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BOOK REVIEW: IKE'S BLUFF

Takeaway: A great rewind of uniquely American-style Presidential leadership. Buy the book.

Hedgeye CEO Keith McCullough shares his thoughts on Ike’s BluffPresident Eisenhower’s Secret Battle To Save The World, by Evan Thomas (2012). The book is a startling account of how the underrated Dwight Eisenhower saved the world from nuclear holocaust.

 

Summary Thoughts

  1. Inspirational book on judgment and accountability in decision making
  2. Sharp contrast to the broken #PoliticalClass concepts of leadership in America today
  3. His greatest victories were the wars he did not fight” –Evan Thomas #indeed

BOOK REVIEW: IKE'S BLUFF - ike

 

Content Highlights

  1. “Eisenhower was the first President to use TV as a bully pulpit, but he was not particularly good at it” (pg 16) #authenticity
  2. “The people, judging from Eisenshower’s high poll ratings, believed that he had sound judgment” (pg 16)
  3. “too many cups of coffee, smoked too many cigarettes, slept badly, and worried far too much.” (pg 18) #accountability
  4. “He knew that he had a gift: the power to make people – indeed, whole peoples – trust him” (pg 28) #trust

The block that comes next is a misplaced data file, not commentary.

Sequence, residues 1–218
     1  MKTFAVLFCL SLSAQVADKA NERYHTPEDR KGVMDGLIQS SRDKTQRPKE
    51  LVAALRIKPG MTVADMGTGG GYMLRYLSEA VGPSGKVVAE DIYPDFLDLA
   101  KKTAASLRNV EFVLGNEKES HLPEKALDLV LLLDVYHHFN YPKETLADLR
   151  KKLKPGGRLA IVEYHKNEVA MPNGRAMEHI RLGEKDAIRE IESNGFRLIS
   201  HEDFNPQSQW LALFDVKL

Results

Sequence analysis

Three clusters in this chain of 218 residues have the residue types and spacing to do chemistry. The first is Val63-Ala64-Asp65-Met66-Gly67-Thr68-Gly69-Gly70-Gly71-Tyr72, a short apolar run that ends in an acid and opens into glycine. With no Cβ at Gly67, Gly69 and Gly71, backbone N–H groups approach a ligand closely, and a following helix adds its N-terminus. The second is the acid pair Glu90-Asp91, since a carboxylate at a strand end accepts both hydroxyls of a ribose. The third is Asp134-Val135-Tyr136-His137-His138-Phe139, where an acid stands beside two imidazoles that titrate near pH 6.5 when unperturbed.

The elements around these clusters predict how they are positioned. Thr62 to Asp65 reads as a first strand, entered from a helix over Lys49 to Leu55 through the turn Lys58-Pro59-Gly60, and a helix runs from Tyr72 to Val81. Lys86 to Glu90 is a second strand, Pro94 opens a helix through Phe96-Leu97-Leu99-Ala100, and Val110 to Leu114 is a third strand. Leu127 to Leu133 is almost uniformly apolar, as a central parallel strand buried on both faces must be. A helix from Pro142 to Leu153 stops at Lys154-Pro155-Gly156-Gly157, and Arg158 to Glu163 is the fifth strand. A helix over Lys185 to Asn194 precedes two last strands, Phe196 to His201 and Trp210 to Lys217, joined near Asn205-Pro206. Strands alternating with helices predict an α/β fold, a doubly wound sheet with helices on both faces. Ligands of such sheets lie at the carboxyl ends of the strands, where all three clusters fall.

5. “His firstborn child… “Icky”, died of scarlet fever in 1921… and he never really recovered from the loss” (pg 30) like #Jefferson
  6. “Eisenhower had grown up poor in Abilene, Kansas” (pg 33) #perspective
  7. “President Eisenhower’s day usually proceeded with the precision of a military band.” (pg 43) very #process/routine oriented
  8. “Let’s not make our mistakes in a hurry” was one of his standard sayings.” (pg 45) very #patient, risk manager of a man
  9. “Never get in a pissing match with the skunk” (pg 57) to his brother Milton about #McCarthy
  10. “What we found was the result of seven years of yapping was exactly zero. We have no plan.” (pg 59) Ike on #Stalin’s death
  11. “Miss America contestants were asked to state their opinion of Karl Marx” (pg 69) #1950 zeitgeist in America during Korean War 
  12. “More significant was the death of Stalin, the leader most responsible for the conflict” (pg 81) good chapter contextualizing Korea
  13. “The war is over and I hope my son is coming home soon” (pg 81) wars different vs recent US Presidents; #personal responsibility
  14. “Learning To Love The Bomb” (pg 101) Chapter 7, illustrates how politicians in America marketed/sold #fear
  15. “we live by emotion, prejudice, and pride” (pg 105) Ike in an excellent leadership note to #Churchill
  16. “Eisenhower, himself a heavy editor, fiddled with his speeches until the last possible moment” (pg 111) #accountability
  17. “You’ve got to stick your butt out more, Mr President” (pg 115) loved #golf, this was advice from Sam Snead at Augusta
  18. “Eisenhower was astonished at the foolishness of the French” (pg 120) annoyed w/ France at Dien Bien Phu #Vietnam
  19. “You have a row of dominos set up, and you knock the first one over” (pg 127) why he kept USA out of Vietnam #1954
  20. “Eisenhower was an expert in finding reasons for not doing things” (pg 130) –Andy Goodpaster, his Staff Secretary
  21. “Scientists and industrialists must be given the greatest possible freedom to carry out their research” (pg 146) #evolve